RT: It wasn’t like I felt I had to choose between the two. I was in such a dark space that I didn’t even care about my emotional well being. I got to a place where I felt either way I’m a failure and I was flopping on both sides; 1.4, 1.6 and 1.8 were my GPAs my first three semesters in college and my grades were a direct depiction of exactly what I was going through internally.
OB: What is a mental/emotional pitfall you believe students should be aware of in their academic life?
RT: [Not] being aware of their environment and what they choose to take in from that environment. I talk about this a lot in my second book, about ‘starving the beast’. I feel a part of the awareness is that we invite certain things in. We always talk about you accept what you allow and I feel that’s what happens unfortunately. We begin to accept whatever comes into our space and allow it to unfold in our lives.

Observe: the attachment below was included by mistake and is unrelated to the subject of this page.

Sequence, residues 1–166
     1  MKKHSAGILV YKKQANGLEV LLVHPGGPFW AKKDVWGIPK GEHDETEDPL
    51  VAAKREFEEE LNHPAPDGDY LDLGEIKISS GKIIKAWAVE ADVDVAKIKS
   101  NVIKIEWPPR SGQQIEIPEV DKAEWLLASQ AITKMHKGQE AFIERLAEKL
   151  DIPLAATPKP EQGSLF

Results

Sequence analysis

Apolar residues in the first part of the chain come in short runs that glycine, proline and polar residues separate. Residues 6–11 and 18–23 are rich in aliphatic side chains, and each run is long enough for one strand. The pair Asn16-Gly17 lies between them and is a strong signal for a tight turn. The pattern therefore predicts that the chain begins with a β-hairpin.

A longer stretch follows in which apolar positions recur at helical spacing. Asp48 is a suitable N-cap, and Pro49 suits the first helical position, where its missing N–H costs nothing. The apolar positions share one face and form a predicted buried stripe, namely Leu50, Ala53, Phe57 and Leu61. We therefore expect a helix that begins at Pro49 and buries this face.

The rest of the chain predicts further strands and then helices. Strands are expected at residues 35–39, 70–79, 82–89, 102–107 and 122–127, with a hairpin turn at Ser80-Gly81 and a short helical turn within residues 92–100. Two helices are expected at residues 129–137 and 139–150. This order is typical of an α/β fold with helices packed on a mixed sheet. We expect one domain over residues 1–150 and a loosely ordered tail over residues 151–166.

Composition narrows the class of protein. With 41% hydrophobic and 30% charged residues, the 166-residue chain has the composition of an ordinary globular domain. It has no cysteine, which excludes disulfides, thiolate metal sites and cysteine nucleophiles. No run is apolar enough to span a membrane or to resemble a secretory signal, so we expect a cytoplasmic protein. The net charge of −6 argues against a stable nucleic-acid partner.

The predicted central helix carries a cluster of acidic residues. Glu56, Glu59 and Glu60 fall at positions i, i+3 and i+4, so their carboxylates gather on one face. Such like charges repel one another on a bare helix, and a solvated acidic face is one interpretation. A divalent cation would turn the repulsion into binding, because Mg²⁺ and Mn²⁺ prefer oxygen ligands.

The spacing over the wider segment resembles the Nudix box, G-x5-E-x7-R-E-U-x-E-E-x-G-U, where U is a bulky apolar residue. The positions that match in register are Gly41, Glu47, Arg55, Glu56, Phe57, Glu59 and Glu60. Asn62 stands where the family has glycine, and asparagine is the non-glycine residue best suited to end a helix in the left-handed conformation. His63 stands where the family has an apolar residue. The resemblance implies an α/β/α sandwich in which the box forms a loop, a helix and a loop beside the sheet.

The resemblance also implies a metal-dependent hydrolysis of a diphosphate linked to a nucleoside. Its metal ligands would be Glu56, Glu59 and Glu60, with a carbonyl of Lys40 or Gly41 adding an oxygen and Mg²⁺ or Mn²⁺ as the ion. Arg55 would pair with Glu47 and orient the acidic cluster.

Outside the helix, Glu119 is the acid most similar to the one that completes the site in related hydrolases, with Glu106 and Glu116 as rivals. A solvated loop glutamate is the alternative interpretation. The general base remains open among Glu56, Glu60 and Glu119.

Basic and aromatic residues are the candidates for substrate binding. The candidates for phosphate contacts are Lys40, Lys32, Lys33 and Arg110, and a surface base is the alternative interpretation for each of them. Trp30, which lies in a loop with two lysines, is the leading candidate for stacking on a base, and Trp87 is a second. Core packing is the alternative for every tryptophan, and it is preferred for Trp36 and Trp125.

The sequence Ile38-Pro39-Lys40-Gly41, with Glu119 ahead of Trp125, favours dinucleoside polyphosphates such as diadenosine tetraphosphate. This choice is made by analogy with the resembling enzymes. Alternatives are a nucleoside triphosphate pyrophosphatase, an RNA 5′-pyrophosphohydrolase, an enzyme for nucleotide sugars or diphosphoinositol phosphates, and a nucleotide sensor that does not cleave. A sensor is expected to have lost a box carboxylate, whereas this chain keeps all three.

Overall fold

OB: Is there an experience that you can recall where you had to make a conscious decision of what you would not allow in your space?
RT: Many! (laughs) But I’m thinking of when I got back to [college] and I was on probation, on the verge of being kicked out. That next semester was like do or die. That being the case, I got into a space of realizing I can’t keep doing the same thing if I want to be successful. It [caused] me to have an understanding of what destruction looked like and the times when productivity was actually taking place and then expound on that.
OB: Can you share an effective strategy that you were able to use to maintain balance between your mental well being and academic success?